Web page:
Second, the court relied on the principle that "[i]dentical words or phrases used in different parts of the same statute (or related statutes) are presumed to have the same meaning."12 It noted that when Congress adopted the Commission's proposed legislation revising Section 1782 in 1964, the same legislation included revisions to two other statutes that use "foreign or international tribunal" in the context of judicial assistance in a foreign country--one statute concerns service of process in foreign litigation and the other, letters rogatory.13 The court concluded that "[s]ervice-of-process assistance and letters rogatory ... are matters of comity between governments," suggesting that "the phrase `foreign or international tribunal' as used in this statutory scheme means state-sponsored tribunals and does not include private arbitrations."14

Lastly, the court found that the use of "tribunal" within Section 1782(a) suggested that "tribunal" in this context means a "governmental, administrative, or quasi-governmental tribunal operating pursuant to the foreign country's `practice and procedure.'"15 In particular, the court stated that:

[T]he operative sentence authorizing the district court to order discovery `for use in a proceeding in a foreign or international tribunal,' and again in the next sentence, which authorizes the court to act on a letter rogatory issued by `a foreign or international tribunal.' Two sentences later the word `tribunal' appears again where the statute provides that the court's discovery order `may prescribe the practice and procedure, which may be in whole or part the practice and procedure of the foreign country or the international tribunal.'16

The Potential FAA Conflict. The court also favored a narrow interpretation of Section 1782(a) to avoid any conflict with the FAA. Section 7 of the FAA permits arbitrators to summon a person to appear before them to testify and produce documents; a party may petition the court to enforce the summons.17 The court viewed the discovery available under Section 1782(a) as more far-reaching because it permits "both foreign tribunals and litigants (as well as other `interested persons') to obtain discovery orders."18 It stated that "litigants in foreign arbitrations would have access to much more expansive discovery than litigants in domestic arbitrations" if Section 1782(a) were construed to cover private foreign arbitrations, and it is "hard to conjure a rationale for giving parties to private foreign arbitrations such broad access to federal-court discovery assistance in the United States while precluding such discovery assistance for litigants in domestic arbitrations."19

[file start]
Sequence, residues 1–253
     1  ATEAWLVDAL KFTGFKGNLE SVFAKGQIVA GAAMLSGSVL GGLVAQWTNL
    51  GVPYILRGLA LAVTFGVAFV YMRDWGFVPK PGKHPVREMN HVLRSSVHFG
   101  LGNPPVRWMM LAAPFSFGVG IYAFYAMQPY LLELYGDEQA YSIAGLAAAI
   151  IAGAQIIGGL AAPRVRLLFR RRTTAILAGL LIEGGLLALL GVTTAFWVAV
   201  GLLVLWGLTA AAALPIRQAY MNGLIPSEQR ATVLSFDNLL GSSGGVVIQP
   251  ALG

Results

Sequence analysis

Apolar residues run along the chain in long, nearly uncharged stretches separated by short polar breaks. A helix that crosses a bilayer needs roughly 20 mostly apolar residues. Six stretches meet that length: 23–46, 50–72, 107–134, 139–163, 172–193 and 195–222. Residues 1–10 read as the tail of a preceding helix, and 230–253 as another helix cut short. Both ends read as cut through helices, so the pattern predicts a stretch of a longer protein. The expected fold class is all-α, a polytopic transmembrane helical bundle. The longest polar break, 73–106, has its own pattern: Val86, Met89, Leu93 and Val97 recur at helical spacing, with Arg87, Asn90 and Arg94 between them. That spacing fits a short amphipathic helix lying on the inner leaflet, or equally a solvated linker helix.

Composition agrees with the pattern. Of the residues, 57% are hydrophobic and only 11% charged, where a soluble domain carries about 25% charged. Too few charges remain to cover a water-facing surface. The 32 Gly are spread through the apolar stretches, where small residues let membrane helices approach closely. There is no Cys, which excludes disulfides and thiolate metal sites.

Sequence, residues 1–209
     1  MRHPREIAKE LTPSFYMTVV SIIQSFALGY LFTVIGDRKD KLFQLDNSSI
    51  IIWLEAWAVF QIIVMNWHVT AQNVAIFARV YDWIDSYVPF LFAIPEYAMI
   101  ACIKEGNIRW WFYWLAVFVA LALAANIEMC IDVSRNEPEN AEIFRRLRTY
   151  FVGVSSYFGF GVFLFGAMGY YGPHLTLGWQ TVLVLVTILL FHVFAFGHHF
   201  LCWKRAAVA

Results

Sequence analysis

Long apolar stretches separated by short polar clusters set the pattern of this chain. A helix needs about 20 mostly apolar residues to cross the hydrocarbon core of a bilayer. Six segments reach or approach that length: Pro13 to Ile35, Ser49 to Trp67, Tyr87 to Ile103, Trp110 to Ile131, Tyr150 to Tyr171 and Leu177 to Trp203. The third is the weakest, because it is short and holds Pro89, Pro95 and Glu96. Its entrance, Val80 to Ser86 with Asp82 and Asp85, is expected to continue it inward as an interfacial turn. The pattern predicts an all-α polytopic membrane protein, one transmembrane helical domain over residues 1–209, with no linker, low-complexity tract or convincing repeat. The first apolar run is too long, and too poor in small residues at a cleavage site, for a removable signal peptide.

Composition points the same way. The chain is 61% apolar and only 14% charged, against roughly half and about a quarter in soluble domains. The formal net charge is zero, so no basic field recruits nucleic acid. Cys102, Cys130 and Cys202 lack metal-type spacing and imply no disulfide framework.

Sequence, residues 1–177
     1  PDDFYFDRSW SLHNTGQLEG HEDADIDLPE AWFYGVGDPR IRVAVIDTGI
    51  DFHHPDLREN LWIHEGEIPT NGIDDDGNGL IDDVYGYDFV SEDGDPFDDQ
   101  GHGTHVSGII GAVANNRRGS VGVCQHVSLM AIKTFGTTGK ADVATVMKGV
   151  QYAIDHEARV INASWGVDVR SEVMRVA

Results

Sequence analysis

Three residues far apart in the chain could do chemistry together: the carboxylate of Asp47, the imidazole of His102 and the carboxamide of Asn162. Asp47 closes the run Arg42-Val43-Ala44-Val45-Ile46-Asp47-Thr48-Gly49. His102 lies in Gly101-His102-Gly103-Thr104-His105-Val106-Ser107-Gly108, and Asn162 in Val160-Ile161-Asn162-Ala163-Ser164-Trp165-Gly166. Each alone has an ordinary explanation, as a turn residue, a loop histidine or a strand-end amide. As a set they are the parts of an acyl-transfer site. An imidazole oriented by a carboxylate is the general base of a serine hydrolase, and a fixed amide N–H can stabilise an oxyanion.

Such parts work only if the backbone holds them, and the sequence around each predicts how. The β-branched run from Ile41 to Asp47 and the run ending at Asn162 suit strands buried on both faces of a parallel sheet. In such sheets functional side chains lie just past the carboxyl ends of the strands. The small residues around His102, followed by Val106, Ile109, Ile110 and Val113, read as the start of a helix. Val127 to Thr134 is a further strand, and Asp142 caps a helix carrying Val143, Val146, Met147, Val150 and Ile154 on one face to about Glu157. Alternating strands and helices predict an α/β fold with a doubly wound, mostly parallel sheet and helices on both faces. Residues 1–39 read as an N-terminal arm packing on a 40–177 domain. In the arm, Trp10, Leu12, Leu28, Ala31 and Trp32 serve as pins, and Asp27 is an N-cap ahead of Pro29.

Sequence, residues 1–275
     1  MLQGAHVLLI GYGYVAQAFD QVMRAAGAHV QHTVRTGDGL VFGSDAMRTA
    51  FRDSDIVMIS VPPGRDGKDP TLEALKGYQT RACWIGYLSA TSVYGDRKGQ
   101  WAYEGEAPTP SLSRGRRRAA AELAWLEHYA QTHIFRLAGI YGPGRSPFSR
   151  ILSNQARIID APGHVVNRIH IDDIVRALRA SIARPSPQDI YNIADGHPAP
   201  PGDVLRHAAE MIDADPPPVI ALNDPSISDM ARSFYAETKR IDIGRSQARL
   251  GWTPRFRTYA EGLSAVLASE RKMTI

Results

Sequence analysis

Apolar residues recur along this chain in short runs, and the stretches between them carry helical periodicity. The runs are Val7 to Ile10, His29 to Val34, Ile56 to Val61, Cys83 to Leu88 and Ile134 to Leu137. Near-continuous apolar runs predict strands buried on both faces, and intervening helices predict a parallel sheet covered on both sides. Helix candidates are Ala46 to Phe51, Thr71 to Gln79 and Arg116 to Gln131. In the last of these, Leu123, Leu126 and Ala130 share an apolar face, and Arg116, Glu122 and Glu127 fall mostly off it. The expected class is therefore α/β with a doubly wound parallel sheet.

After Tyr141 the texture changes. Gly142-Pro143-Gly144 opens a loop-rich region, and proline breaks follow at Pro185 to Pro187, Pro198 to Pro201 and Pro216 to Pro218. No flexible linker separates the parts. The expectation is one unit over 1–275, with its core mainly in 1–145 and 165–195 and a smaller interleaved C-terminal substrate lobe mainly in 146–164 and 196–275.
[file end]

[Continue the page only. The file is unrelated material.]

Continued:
Definitions and Intel. The court held that neither legal nor non-legal definitions of "tribunal" "unambiguously resolve" whether the term encompasses private international arbitrations because some definitions are more expansive and some are more narrow. The court was also not convinced the holding in Intel helps resolve the present issue. Intel is the only US Supreme Court case addressing Section 1782(a). In Intel, the Court held that a proceeding before the Directorate General for Competition of the Commission of the European Communities was a "foreign or international tribunal." The Seventh Circuit characterized Intel as addressing "a public agency with quasi-judicial authority," not a private international arbitral body. The Seventh Circuit also was unmoved by a footnote in Intel that quoted a law review article suggesting that "tribunal" under Section 1782(a) included "arbitral tribunals." The Seventh Circuit "s[aw] no reason to believe that the Court, by quoting a law-review article in a passing parenthetical, was signaling its view that 1782(a) authorizes district courts to provide discovery assistance in private foreign arbitrations."20

The Ninth Circuit's Pending Case

The Ninth Circuit may soon have to pick a side because the issue about the scope of Section 1782(a) is presented in HRC-Hainan Holding Co., LLC v. Yihan Hu.21 The district court in HRC-Hainan held that a private arbitration before the China International Economic and Trade Arbitration Commission was a "foreign or international tribunal" for purposes of Section 1782(a).22 The parties argued the case on September 14, 2020, and the appellant filed a supplemental brief on September 24, 2020, bringing the Rolls-Royce decision to the Ninth Circuit's attention.

Conclusion

As it stands, there is a clear split in the circuits about the scope of Section 1782(a). Either Guo (in the Second Circuit) or Servotronics (in the Seventh Circuit) could file a certiorari petition and ask the US Supreme Court to decide the issue. Whether either will do so remains to be seen. But if a certiorari petition is filed with the US Supreme Court, there will no doubt be many interested parties urging the Court to take the case and provide certainty about whether Section 1782(a) applies to private international arbitrations.